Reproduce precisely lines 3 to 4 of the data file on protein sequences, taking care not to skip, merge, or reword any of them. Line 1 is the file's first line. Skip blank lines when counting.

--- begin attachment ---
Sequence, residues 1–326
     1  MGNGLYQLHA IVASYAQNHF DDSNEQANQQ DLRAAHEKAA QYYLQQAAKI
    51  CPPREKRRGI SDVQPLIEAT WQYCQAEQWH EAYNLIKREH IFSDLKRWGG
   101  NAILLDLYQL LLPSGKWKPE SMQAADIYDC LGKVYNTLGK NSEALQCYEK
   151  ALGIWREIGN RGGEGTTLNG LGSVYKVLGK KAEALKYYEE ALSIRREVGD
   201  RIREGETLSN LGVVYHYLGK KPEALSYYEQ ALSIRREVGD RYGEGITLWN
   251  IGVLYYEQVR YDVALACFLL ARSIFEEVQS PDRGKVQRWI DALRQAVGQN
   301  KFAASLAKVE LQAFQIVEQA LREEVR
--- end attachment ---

    51  CPPREKRRGI SDVQPLIEAT WQYCQAEQWH EAYNLIKREH IFSDLKRWGG
   101  NAILLDLYQL LLPSGKWKPE SMQAADIYDC LGKVYNTLGK NSEALQCYEK